COOPER v. The STATE.
Following a jury trial, the Superior Court of DeKalb County convicted Rodney Cooper of felony theft by shoplifting, OCGA § 16-8-14(a). Cooper appeals from the denial of his motion for new trial, contending the trial court erred in admitting evidence that the offense occurred just one week before Cooper was scheduled to begin serving a sentence on another charge. Finding no error, we affirm.
“Admission of evidence is a matter committed to the sound discretion of the trial court, and the trial court's evidentiary decisions will not be disturbed on appeal absent an abuse of discretion.” (Citation omitted.) Carswell v. State, 263 Ga.App. 833, 834(2), 589 S.E.2d 605 (2003).
At trial in this case, the loss prevention officer of a discount store testified that on January 14, 2004, he observed Cooper take a digital video recorder (“DVR”) from a shelf in the electronics department, place it in a buggy, and wheel the buggy to the customer service desk at the front of the store. The loss prevention officer testified that Cooper attempted to receive a refund on the DVR, which retailed for $387. When the customer service manager refused to provide a refund, Cooper wheeled the buggy, still containing the DVR, out of the store. The loss prevention officer and another store employee stopped Cooper and demanded that Cooper return to the store. Back inside the store, the loss prevention officer asked Cooper why he took the DVR, and Cooper replied that he “needed the money[;] times are kind of hard.” The other store employee involved in stopping Cooper testified consistently with the first witness.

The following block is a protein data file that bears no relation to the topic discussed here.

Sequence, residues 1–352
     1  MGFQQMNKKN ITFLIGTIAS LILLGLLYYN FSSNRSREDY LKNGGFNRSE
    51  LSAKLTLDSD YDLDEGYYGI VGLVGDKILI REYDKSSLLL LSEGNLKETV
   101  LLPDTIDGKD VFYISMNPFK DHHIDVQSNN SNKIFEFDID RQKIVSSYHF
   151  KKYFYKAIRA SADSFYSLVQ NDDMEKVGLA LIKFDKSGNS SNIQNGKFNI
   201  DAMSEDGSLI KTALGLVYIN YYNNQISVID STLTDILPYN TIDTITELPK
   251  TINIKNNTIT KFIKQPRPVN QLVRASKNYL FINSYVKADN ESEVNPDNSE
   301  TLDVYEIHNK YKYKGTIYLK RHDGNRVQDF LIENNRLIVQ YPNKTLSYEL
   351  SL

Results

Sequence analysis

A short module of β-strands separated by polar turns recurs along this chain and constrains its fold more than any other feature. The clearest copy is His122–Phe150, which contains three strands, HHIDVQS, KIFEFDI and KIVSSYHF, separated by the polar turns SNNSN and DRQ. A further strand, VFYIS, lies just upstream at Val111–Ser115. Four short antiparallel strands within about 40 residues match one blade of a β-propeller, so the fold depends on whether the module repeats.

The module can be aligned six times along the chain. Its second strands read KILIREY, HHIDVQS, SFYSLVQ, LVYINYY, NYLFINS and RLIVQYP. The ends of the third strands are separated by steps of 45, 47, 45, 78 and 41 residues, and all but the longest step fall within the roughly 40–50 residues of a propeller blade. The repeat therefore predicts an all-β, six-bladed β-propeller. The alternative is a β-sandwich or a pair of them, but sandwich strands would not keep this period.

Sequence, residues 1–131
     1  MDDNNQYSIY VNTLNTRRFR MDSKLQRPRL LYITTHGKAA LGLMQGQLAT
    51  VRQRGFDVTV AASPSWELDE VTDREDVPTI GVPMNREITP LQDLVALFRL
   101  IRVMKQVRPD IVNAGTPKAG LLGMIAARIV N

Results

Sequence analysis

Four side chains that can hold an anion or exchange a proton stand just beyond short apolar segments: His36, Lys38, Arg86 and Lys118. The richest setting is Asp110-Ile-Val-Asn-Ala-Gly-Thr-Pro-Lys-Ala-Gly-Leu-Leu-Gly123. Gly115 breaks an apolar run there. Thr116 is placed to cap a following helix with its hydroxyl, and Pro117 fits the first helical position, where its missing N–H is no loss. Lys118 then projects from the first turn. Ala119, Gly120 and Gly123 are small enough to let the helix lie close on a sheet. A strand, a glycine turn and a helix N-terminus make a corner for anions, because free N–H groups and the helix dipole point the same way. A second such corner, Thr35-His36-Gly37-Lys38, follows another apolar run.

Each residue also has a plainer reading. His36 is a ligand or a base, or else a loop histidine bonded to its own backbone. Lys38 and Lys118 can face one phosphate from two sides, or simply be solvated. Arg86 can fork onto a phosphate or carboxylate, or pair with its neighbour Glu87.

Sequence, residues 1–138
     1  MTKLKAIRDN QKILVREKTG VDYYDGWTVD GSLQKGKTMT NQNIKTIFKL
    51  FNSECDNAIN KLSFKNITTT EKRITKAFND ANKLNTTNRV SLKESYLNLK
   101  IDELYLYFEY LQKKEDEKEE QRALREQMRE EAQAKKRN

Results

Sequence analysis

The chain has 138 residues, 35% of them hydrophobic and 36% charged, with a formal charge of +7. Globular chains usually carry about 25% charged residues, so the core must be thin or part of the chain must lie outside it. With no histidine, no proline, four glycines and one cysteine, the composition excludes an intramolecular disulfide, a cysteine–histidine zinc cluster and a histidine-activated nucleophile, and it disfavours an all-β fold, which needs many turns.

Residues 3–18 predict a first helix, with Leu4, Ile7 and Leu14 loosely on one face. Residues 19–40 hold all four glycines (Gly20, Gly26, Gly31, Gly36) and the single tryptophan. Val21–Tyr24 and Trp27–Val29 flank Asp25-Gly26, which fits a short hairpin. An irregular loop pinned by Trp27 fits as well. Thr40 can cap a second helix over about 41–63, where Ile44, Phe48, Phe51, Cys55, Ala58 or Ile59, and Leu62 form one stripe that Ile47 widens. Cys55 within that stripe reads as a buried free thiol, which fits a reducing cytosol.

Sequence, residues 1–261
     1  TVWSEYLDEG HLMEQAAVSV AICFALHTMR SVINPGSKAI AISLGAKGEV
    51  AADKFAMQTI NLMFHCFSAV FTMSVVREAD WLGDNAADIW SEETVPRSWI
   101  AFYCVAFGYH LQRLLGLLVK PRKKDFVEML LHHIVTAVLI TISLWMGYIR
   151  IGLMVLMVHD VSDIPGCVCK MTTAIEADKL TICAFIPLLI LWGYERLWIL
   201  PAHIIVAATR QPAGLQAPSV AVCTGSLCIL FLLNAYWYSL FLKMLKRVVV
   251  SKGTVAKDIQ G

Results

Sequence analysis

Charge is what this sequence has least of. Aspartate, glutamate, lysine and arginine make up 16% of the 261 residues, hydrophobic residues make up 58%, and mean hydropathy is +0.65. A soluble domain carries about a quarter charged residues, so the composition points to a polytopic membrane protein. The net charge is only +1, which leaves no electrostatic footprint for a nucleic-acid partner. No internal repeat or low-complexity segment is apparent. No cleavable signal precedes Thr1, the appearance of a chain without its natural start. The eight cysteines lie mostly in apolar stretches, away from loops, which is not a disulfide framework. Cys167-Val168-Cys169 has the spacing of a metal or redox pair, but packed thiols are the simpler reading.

Cooper took the stand in his own behalf and testified that he went to the store that day to buy a DVR. Cooper testified that he anticipated spending about $250 for the equipment and that he had the money with him. He testified that after selecting a DVR he could not find the price and that he put the merchandise in his buggy and went to the customer service desk for a price check. Cooper testified that he could not get any help at the customer service desk, so he left the DVR on the counter, pushed the buggy to the wall, and exited the store empty-handed. Cooper denied trying to steal the DVR and denied making the statement to store employees that he took the merchandise because times were rough.
On cross-examination, the State explored the issue of whether Cooper could afford the DVR. Cooper testified that he was employed as a carpenter at the time of the offense and that, although his employer did not have work for him the week of January 14, 2004, he expected to be working on a new project the following week. The prosecutor asked how long he was expecting to work on that project, and Cooper answered that he was not certain because the company's projects varied, but possibly two to three weeks. The following colloquy took place:
Q: And you knew of no reason why you wouldn't be able to be steadily employed once you started working again; right?
A: Oh, I have a steady job.